My friend Debbie is a master at making friends. She has friends all over the world in every occupation imaginable. Debbie is outgoing but that’s not why she forms adult friendships so easily. I have watched Debbie in action and I’ve listened to her tell stories of how she became such good friends with the chef in the most popular restaurant in town or the women she met on an airplane.
Debbie, who is 52, has a simple trick or “secret” for making new friends.
When we are younger, under 40, it feels easier to make friends. Everyone in college is our age and eager for friends. When we are young parents, we meet people through our children at birthday parties and on the soccer sidelines. But as we get older, it’s easy to start feeling we have our set group of friends and we don’t really need to make new ones.
The truth is the opposite.
Friends are the key to living a long, happy life and the more we have of them, the better off we are. Indeed, ScienceofPeople.com found that friendship as we age is great for the body AND the mind. “Having good friends can actually benefit you more if you start on a mental decline as you age,” the website declares.
Debbie is proof of the benefits of making new friends at any age. Debbie’s friends offer her their homes around the world to stay in. They offer her hard-to-get show tickets and they come to her rescue when her son in college a few states away needs someone to take him to the doctor.
THE SECRET REVEALED
Debbie has a secret to making friends. As one of her friends and an observer, I have figured her secret out. If you click with Debbie, you definitely will hear from her again. Do you know how you have a great conversation with someone on an airplane, or at the gym, or at a networking event? Afterward you typically say, “It was nice meeting you.”
Well, Debbie goes a step further. She gets the person’s contact information and she follows up. Yes, “follow up” is the secret to making friends as we grow older. Going that next step may take us out of our comfort zone, but it is key to forming new friendships. Debbie will reach out to her new friend with an email, phone call, lunch or coffee invitation. She will make plans to meet them at an upcoming event or invite them to stay at her home if they are going to be in town.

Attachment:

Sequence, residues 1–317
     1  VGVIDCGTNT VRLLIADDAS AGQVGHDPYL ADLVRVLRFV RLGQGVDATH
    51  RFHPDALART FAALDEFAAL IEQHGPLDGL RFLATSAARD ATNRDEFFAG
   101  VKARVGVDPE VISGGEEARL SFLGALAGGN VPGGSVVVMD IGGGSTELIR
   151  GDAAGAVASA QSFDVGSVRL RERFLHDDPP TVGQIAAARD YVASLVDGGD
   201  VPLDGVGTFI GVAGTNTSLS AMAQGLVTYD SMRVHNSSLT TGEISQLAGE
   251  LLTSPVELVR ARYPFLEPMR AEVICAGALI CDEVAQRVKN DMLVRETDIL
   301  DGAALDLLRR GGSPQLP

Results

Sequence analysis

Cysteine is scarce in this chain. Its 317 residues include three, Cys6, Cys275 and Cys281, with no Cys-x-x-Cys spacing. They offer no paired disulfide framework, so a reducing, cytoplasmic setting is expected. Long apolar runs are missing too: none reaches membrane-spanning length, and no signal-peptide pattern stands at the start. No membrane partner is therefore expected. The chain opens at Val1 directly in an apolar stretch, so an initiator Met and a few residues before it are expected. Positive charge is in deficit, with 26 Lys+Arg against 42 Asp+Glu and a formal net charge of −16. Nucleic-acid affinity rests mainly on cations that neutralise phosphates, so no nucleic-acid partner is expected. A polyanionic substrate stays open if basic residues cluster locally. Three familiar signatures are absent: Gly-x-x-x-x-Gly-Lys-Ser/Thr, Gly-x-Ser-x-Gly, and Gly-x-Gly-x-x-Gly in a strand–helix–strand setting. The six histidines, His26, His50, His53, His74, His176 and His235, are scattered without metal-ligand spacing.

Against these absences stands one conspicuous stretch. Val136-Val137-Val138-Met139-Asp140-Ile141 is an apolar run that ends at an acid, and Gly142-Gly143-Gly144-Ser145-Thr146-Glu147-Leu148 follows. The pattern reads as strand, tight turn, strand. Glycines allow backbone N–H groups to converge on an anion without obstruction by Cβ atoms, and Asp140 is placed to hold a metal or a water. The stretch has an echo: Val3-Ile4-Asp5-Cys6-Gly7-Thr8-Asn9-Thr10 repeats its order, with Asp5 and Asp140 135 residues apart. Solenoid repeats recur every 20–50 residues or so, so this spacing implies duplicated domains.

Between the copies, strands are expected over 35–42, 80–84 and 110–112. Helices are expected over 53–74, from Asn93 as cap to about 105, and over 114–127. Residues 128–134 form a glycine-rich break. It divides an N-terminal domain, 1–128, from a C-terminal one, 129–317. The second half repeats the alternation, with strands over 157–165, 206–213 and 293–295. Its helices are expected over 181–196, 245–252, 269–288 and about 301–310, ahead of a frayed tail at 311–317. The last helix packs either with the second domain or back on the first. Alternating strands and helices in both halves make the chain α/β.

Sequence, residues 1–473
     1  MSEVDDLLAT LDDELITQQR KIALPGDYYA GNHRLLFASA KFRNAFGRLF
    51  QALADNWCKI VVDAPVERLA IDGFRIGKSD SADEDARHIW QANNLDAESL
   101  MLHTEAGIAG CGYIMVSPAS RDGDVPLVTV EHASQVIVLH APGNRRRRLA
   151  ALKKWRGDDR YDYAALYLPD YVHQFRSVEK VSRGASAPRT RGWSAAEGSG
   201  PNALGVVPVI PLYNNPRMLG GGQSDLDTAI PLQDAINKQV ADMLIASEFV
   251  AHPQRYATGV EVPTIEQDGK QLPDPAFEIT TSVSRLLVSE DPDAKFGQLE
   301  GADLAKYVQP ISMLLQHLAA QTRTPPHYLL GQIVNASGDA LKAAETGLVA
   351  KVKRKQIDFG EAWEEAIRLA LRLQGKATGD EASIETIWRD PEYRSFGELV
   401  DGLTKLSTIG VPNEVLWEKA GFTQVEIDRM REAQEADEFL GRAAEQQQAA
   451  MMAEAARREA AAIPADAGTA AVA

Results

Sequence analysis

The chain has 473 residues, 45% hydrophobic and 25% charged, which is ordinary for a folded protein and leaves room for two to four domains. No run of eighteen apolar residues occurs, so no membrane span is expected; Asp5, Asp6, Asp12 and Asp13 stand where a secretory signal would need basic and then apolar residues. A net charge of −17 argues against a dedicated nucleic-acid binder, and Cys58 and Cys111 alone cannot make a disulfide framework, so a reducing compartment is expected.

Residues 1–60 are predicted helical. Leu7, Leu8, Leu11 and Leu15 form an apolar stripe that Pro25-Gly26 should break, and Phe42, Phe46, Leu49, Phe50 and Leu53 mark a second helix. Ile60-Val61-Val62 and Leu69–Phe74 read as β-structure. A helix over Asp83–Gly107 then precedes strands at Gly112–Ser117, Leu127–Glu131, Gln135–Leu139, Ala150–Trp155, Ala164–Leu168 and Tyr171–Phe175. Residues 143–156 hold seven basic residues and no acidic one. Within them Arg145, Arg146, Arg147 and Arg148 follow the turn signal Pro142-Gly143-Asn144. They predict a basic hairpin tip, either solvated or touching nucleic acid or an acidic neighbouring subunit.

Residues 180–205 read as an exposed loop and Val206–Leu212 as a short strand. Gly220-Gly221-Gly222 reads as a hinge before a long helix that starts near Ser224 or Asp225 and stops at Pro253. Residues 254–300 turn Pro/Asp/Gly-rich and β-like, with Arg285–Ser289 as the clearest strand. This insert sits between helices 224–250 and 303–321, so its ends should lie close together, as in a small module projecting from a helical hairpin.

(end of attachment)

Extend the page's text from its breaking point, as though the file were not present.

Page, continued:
THE FLIP SIDE
There is another side of that dynamic as well. If you are on the receiving end of the follow up, let down your guard and open yourself to a potential new friend. I admit that with the responsibilities of juggling work, family and existing friends, I became wary about making myself emotionally available to new people.
One evening, I met a woman at a networking event who was new to town. From our conversation, I learned she worked close to where I live. A few days later she invited me to lunch. I felt reluctant. I hate to take time out of my work day to socialize, and I wasn’t sure I wanted to invest in a new friendship. I have plenty of friends from college and the neighborhood and through my children. But I thought about Debbie and what she would say. So, I agreed to the lunch. The woman is now someone I call a close friend.
GET YOURSELF OUT THERE
Some people will tell you to join clubs, take up hobbies, go to meetups, or volunteer for charities as a way to make new friends. In other words, put yourself in places where you will meet people with common interests. That advice is good. But to truly make a new friend, you need to go the next step and follow up with some type of outreach or accept an overture when it comes your way.
You don’t have to be a social butterfly, or even flush with all of the coolest friends in town. Even if you have lots of friends, it never hurts to have more. As we grow older, we often discover some of our existing friendships are fleeting as we move in different directions. Sometimes, all it takes is that one new friend or BFF who “gets you” to add more happiness to your life. Maybe you’re the person who likes to have a cocktail friend, an exercise friend, a parenting friend, a neighbor friend and a walking buddy.
By following Debbie’s example, it is easier than you think to form adult friendships. It takes a little courage, but we all have it in us to bond with someone new at any age.